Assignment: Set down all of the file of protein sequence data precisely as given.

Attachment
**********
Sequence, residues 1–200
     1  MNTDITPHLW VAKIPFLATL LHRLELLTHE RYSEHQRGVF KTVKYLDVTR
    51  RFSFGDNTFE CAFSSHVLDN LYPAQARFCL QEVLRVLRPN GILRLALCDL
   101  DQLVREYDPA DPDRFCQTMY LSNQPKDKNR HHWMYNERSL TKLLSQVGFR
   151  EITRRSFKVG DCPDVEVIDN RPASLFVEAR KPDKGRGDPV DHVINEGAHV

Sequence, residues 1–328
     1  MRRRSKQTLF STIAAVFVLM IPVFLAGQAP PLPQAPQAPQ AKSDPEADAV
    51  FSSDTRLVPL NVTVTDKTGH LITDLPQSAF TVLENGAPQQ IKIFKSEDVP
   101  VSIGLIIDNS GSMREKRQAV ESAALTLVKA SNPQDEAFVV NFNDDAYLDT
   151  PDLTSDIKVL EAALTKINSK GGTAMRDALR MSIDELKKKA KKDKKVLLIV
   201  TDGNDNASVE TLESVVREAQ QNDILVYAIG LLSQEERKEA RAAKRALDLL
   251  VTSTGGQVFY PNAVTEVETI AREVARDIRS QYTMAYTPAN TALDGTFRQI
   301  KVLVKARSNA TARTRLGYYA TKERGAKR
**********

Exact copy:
Sequence, residues 1–200
     1  MNTDITPHLW VAKIPFLATL LHRLELLTHE RYSEHQRGVF KTVKYLDVTR
    51  RFSFGDNTFE CAFSSHVLDN LYPAQARFCL QEVLRVLRPN GILRLALCDL
   101  DQLVREYDPA DPDRFCQTMY LSNQPKDKNR HHWMYNERSL TKLLSQVGFR
   151  EITRRSFKVG DCPDVEVIDN RPASLFVEAR KPDKGRGDPV DHVINEGAHV

Sequence, residues 1–328
     1  MRRRSKQTLF STIAAVFVLM IPVFLAGQAP PLPQAPQAPQ AKSDPEADAV
    51  FSSDTRLVPL NVTVTDKTGH LITDLPQSAF TVLENGAPQQ IKIFKSEDVP
   101  VSIGLIIDNS GSMREKRQAV ESAALTLVKA SNPQDEAFVV NFNDDAYLDT
   151  PDLTSDIKVL EAALTKINSK GGTAMRDALR MSIDELKKKA KKDKKVLLIV
   201  TDGNDNASVE TLESVVREAQ QNDILVYAIG LLSQEERKEA RAAKRALDLL
   251  VTSTGGQVFY PNAVTEVETI AREVARDIRS QYTMAYTPAN TALDGTFRQI
   301  KVLVKARSNA TARTRLGYYA TKERGAKR